The TotalEnergies Caf Women’s Champions League Cosafa Qualifier is set to be a historic tournament that will help the growth of the women’s football in the Southern African region.
Seven countries will form part of this first edition of the interclub qualifiers.
The Cosafa competition will take place from August 26 to September 4, 2021 in South Africa.
The draw ceremony for the Cosafa qualifying tournament of TotalEnergies CAF Women’s Champions League was held in Johannesburg recently.
Group A includes Mamelodi Sundowns (South Africa), Lesotho Defence Force (Lesotho), Double Action Ladies (Botswana) and Wanderers LFC (Eswatini). As for Group B, it is made up of three clubs, namely Green Buffaloes Women (Zambia), Black Rhinos (Zimbabwe) and Tura Magic FC (Namibia).
Here is a look at some of the key numbers around the competition, courtesy of Cosafa:
1 – This will be the first ever COSAFA Women’s Champions League competition, as well as the first time COSAFA have staged a club tournament.
1 – The winner of the competition will advance to the inaugural TOTALENERGIES CAF Women’s Champions League that is set to be staged in Cairo, Egypt later in the year.
1 – The ‘number one’ at Lesotho Defence Force, coach Lengana Nkhethoa, is a former defender with the men’s senior national team. He was recently recruited from the LDF men’s team to lead the ladies’ side.
1 – Botswana side Double Action Ladies have been out of action for over a year due to COVID-19 but assistant coach Mathogonolo Serumola says they will be ready for the COSAFA tournament.
2 – The competition has been split into two groups, one with four teams and the other with three. The top two teams in each pool advance to the semifinals.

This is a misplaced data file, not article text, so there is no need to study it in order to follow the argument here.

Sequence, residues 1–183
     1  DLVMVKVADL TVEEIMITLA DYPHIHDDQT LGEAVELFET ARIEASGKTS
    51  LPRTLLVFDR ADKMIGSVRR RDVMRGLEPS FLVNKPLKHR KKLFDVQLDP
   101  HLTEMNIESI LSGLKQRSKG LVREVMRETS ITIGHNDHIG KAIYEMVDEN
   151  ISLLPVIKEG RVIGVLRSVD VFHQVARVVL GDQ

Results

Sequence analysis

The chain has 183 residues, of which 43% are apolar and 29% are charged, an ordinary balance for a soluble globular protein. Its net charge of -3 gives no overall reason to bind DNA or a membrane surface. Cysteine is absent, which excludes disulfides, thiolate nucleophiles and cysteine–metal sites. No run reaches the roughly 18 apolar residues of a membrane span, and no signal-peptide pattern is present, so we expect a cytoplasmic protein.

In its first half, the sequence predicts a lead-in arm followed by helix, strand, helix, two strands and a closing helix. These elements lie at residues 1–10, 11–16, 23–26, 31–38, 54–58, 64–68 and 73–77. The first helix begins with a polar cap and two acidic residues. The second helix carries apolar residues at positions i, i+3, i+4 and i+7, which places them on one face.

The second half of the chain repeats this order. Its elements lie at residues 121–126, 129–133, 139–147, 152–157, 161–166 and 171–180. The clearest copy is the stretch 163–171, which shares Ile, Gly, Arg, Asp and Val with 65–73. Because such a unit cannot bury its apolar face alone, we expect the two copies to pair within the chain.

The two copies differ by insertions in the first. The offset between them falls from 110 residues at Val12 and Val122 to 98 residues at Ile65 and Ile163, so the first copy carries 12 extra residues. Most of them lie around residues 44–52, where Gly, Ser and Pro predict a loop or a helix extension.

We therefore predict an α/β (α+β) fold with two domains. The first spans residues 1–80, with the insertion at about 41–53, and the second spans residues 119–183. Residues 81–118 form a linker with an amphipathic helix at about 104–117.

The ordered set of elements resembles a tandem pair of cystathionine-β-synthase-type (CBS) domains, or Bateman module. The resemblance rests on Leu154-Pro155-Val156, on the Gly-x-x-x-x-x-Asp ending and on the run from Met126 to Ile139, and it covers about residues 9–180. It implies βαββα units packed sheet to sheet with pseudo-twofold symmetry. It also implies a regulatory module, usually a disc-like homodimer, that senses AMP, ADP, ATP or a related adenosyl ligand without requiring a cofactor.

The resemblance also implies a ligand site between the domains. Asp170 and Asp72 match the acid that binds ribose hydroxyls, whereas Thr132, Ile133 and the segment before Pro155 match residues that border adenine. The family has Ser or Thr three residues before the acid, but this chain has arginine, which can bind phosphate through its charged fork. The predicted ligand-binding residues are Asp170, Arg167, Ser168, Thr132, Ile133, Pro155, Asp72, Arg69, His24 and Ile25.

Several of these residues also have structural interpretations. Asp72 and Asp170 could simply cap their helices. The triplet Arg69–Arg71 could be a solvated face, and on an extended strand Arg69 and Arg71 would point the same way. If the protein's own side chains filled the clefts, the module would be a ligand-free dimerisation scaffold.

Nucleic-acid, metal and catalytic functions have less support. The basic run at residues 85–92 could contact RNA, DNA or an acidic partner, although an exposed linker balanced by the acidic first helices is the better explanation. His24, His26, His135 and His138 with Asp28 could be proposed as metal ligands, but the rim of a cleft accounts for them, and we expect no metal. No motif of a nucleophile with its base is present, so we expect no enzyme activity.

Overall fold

8 – The TOTALENERGIES CAF Women’s Champions League is set to have eight teams from across the continent, including one from the COSAFA region.
11 – TURA Magic vice-captain Lydiana Amamus started playing football at the age of 11, a perfect example of why girls should be introduced to the game as early as possible.
14 – COSAFA General Secretary Sue Destombes says she hopes all 14 member nations will send teams to compete in the 2022 edition of the competition, once the COVID-19 situation in the region has settled.
2005 – Black Rhinos Queens were formed in 2005 and have been champions of Zimbabwe ever since! The majority of the national players come from the team.
2009 – The captain of Eswatini side Manzini Wanderers, Precious Zwane, has been with the club for the last 12 years!
2009 – South African champions Mamelodi Sundowns Ladies were founded in 2009 by then club owner Dr Patrice Motsepe, which was ground-breaking for a professional club in the country. Dr Motsepe has since become CAF President and has continued to champion women’s football.
2014 – Zambian side Green Buffaloes have won their provincial competition every season since 2014, bar last year which was disrupted by COVID-19. The Football Association of Zambia have now introduced a national league for 2021.
2019 – FIFA President Gianni Infantino announced in 2019 that he intended to create a FIFA Women’s Club World Cup “as soon as possible”. The COSAFA competition would be the start of that journey for teams from the region, who would then qualify for the continental finals and ultimately the global event.
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By FARPost Reporter